It's vast, it's crowded, it's fattening and it's fun. "Nothing Compares to the Iowa State Fair." The slogan is aptly deserved.
The fair is held in Des Moines, Iowa, on a 400-acre tract of land situated next to 160 acres of campgrounds. While more than 100,000 people attended the fair this past Friday, the crowds were manageable.
The first Iowa State Fair was held in 1854 in Fairfield. These days, more than a million people per year attend during its 10-day run. It began this year on Aug. 21, the same day as the first Iowa Republican presidential debate, which was held last Thursday in nearby Ames.
Last weekend, the Republican contenders visited the fair, which even attracted ever-perennial and ever-potential candidate Sarah Palin.
This year marked the 100th anniversary of the butter cow. Unless you've seen it, it's hard to imagine the life-sized, 600-pound sculpture of a cow made of Iowa butter. Literally a "butter cow." According to the Iowa State Fair's website, the cow "would butter 19,200 slices of toast and take an average person two lifetimes to consume."
For those concerned about sustainability, "much of the butter is recycled and reused for up to 10 years." Here's hoping there's no toast being spread with this butter. The close-up view and picture of our family in front of the world-famous butter cow made the 15-minute wait worthwhile.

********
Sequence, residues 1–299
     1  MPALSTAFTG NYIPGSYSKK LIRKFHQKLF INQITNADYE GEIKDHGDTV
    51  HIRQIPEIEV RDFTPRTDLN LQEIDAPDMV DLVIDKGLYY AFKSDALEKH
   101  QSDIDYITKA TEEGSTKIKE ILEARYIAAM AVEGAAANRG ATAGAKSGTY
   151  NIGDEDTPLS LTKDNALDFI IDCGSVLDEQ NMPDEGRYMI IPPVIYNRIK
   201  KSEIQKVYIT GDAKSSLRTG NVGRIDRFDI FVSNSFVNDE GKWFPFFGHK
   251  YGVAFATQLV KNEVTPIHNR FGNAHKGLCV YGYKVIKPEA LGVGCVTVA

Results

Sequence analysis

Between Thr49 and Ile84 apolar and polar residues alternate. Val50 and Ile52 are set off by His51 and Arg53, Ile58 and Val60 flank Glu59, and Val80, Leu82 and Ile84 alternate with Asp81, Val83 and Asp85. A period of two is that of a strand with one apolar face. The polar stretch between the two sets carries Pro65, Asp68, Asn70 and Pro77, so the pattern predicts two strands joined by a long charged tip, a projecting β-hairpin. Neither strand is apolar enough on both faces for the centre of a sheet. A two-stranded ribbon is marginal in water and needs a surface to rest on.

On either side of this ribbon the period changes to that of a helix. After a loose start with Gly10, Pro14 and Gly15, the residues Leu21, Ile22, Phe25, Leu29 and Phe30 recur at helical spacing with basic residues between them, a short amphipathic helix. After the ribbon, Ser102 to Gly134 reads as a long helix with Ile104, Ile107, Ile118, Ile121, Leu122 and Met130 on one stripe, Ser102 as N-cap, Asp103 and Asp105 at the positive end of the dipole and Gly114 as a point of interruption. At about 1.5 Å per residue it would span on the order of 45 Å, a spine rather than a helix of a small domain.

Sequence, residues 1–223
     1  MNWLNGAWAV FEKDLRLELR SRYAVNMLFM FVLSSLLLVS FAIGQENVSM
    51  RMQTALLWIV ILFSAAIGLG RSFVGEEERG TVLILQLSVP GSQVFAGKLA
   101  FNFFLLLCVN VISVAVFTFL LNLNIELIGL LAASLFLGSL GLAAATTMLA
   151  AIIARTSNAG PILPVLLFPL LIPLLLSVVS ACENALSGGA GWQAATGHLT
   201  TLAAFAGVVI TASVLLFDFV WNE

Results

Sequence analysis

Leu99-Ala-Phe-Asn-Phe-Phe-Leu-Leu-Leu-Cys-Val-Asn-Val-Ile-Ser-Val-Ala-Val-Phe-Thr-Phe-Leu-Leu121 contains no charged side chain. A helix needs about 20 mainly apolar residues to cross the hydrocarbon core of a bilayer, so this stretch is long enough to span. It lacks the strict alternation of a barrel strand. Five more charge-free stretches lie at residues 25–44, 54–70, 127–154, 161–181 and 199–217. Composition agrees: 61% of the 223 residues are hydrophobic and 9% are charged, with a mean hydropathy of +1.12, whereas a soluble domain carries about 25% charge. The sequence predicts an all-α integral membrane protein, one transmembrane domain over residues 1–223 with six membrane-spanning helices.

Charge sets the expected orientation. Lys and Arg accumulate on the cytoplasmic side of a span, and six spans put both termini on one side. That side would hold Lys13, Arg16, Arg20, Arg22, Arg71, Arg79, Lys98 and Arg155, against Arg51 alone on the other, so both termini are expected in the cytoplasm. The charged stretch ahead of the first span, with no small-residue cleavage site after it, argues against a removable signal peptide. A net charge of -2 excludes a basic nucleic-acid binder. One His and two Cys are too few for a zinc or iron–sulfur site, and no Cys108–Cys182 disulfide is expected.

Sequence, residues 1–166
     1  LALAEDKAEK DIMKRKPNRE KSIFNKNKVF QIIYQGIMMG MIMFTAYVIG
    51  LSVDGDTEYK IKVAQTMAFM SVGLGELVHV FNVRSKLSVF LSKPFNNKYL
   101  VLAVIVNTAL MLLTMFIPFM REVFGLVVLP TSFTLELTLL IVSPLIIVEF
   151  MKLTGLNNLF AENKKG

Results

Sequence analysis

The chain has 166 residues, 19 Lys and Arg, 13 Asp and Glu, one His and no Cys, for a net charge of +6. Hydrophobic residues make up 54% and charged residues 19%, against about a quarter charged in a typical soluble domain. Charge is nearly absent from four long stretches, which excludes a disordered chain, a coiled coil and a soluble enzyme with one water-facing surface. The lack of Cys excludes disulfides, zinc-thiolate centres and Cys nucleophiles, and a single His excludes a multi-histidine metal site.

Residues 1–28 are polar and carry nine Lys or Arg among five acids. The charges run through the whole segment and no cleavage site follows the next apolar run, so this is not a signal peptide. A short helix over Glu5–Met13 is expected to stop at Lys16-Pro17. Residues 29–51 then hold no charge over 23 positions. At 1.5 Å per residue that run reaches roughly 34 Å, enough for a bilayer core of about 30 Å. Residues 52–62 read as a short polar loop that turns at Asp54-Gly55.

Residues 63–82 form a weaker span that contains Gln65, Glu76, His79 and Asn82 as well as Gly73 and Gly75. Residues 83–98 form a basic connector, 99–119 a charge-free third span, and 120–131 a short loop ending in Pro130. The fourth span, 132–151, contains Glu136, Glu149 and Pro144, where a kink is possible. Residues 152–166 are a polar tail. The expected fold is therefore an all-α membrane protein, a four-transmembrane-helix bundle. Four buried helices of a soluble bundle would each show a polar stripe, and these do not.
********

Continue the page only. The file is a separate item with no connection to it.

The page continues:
Other fair attractions included pumpkins so large that a forklift was used to move them around. Numerous animals were present: cows, pigs, chickens, goats, ostriches and more. There were agricultural pavilions and exhibits, but what captured my eye and appetite were the numerous food trucks and stalls that sold a plethora of fair food. The stock fair items were present -- funnel cakes, lemonade and cotton candy.
But the Iowa State Fair is known for its remarkable fried foods, most often eaten on a stick. This year's new attraction was fried butter on a stick, which I did without. I did, however, try the pork chop on a stick, chicken lips on a stick (fried chicken breast covered with hot sauce) and fried Oreos.
The pork chop was my favorite, but then it was homegrown Iowa pork.
On occasion, Republican presidential contenders could be spotted walking through the fairground. They were most often surrounded by a gaggle of reporters.
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